"Accurate, thorough, and interesting. As a 38-year co-director, I can attest to that!"
Rich Sherman, Falmouth Road Race co-race director 1973-2010
THE BOOK: CHINESE-LANGUAGE VERSION - "Boston Marathon History by the Mile" has been translated into Chinese by Mao Daqing and is sold in China as “Journey of the Boston Marathon,” with journey also meaning pilgrimage. On the cover, Paul Clerici is transliterated in simplified Chinese characters (保罗·克莱里西) and traditional Chinese characters (保羅·克萊里西) and is sounded out as “bao luo” (Paul) “kuh lai lee she” (Kelailixi). Special thanks to Ling-Mei Wong, editor of the Chinese-English “Sampan” newspaper in Boston, Mass., for providing the translation and explanation of the book cover.
China has experienced an increase of interest in running, especially the marathon. For the first time in its history, The People's Republic of China hosted the Olympics - the 2008 Beijing Summer Games - and Zhou Chunxiu won marathon bronze for her country.
THE EVENT - The Boston Marathon was first run on Patriots' Day, April 19, 1897, after competing Boston Athletic Association (B.A.A.) athletes returned from the 1896 Modern Olympic Games in Athens, Greece, with the idea of bringing the marathon to their B.A.A. Games in Boston, Mass. The oldest continually-run marathon in the world has witnessed the famous and the infamous, national and world records, triumphs and heartaches, and has been hailed as the greatest of them all.
THE BOOK - Read how the formation of this small track club of post-collegiate runners exploded onto the scene and became a behemoth of champions, record-setters, and international medal winners that quickly captured a steady collection of local, New England, and national titles and major marathon wins. Through oft-told and rarely told stories, anecdotes, behind-the-scenes tales, and exhaustive and detailed research and interviews, this first book to chronicle the club’s storied history celebrates the illustrious GBTC and its stunning record of achievements.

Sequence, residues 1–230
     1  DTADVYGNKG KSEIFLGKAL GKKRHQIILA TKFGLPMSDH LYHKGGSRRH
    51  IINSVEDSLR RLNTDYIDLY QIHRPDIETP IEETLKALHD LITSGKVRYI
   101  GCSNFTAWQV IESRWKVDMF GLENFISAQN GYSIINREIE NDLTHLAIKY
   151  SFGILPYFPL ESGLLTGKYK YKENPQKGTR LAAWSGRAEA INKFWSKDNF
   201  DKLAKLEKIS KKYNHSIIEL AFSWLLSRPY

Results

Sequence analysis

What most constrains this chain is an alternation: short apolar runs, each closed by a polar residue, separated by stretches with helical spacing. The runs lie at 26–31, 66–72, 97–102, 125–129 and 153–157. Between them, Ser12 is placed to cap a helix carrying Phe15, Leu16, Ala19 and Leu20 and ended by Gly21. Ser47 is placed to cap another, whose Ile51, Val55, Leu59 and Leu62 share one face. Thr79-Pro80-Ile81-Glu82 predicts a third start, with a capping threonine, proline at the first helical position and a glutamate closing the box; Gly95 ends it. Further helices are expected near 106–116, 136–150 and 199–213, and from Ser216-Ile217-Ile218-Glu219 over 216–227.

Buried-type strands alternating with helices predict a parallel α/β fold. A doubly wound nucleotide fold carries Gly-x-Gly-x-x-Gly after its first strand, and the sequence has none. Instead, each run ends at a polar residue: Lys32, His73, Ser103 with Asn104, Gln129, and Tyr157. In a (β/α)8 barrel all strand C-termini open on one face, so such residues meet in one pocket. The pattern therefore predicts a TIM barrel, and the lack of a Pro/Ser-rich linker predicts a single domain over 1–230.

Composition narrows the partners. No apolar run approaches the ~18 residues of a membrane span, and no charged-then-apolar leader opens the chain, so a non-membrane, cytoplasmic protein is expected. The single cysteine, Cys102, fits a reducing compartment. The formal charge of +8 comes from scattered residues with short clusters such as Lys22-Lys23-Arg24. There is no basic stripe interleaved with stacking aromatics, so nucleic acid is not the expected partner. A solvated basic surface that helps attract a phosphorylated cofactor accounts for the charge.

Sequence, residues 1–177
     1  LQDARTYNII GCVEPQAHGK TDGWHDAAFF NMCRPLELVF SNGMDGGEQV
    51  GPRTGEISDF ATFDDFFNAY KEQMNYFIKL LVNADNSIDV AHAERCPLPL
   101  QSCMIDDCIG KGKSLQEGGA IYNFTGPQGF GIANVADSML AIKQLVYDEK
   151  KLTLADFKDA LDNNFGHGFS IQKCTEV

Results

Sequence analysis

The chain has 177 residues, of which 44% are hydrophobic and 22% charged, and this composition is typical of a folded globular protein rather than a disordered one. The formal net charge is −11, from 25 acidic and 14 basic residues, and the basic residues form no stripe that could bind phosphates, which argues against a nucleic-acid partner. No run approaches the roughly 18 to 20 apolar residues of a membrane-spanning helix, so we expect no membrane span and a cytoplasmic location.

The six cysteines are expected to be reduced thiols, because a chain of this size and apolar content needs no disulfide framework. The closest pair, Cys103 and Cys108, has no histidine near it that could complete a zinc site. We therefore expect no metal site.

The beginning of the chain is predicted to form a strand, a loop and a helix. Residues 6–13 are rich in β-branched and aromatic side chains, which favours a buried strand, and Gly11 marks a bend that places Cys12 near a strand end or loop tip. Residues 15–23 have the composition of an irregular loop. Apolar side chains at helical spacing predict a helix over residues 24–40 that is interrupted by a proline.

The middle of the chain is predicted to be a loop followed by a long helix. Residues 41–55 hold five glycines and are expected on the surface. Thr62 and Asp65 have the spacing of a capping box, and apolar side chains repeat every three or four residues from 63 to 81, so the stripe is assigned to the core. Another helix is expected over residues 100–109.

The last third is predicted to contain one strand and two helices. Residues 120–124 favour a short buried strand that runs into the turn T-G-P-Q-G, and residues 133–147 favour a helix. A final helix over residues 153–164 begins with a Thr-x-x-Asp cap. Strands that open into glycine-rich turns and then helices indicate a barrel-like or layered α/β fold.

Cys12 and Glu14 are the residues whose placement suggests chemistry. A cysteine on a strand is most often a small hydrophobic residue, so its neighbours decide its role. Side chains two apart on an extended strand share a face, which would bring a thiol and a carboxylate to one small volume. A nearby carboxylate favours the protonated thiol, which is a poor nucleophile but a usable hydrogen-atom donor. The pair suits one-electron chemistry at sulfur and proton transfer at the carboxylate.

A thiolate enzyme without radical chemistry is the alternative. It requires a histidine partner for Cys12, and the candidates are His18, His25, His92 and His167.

THE CLUB - The GBTC was born on August 16, 1973 at Boston College. Originally designed as a track club, it owned the relay circuit and soon expanded its domination to the roads with individual and team wins at the Boston Marathon and New York City Marathon; national championships; and Olympic and international competition.
The eclectic membership has included the likes of four-time Boston and New York City Marathon winner Bill Rodgers; 1982 Boston winner Alberto Salazar; 1983 Boston winner Greg Meyer; national wheelchair champion and two-time Boston winner Bob Hall; Boston Marathon race director Dave McGillivray; US Olympic coach, Notre Dame All-American, and the first GBTC coach, Bill Squires; bestselling author (“The Perfect Storm”) and 1988 Hyannis Half-Marathon record-setter Sebastian Junger; US Olympic Trials marathoner Sara Donahue; US Olympian Anna Willard; sports nutritionist Nancy Clark; playwright Israel Horowitz; coach and USATF-NE president Tom Derderian; and more.
"Clerici's book enables us to reflect on the club's contributions to the sport. Boston insularity can be endearing, and the GBTC's sheer relish in its success story makes enjoyable reading. It includes colorful characters, spicy anecdotes, and truths that any runner will value."
Roger Robinson, scholar, historian, author, "Runner’s World"
"Paul Clerici, who knows the Boston running scene as well as anyone writing today, has put together a 128-page history in pictures and text of the GBTC that is entertaining, astonishing, funny, somewhat melancholy, and filled with adventures - and more often misadventures- that redefine 'colorful.'"
Rich Benyo, author, "Marathon & Beyond" publisher
"Clerici's chronological tale, which weaves through four decades and through two running 'booms,' not only packs a great wallop of inspiring stories, but also the people who brought about and continue to make the GBTC an influential club and a standard for other clubs to follow to this day."
Jeff Benjamin, "RunBlogRun," "American Track & Field"
"I'm not a running 'junkie,' so I was surprised how much I enjoyed reading Clerici's book. I realize many people who read this book will be fans of the Greater Boston Track Club (for those of whom the book is a must read), but the good news for non-runners is you don't have to be an avid GBTC fan to enjoy the book. Clerici breathes an unexpected and lively narrative into the book, weaving both history and anecdote in the GBTC (and to the sport overall) that was unexpected in both its scope and readability. This one stays on the shelf next to my copy of 'The Impossible Dream' and 'Red Sox Nation.'"
Ken Reed, screenwriter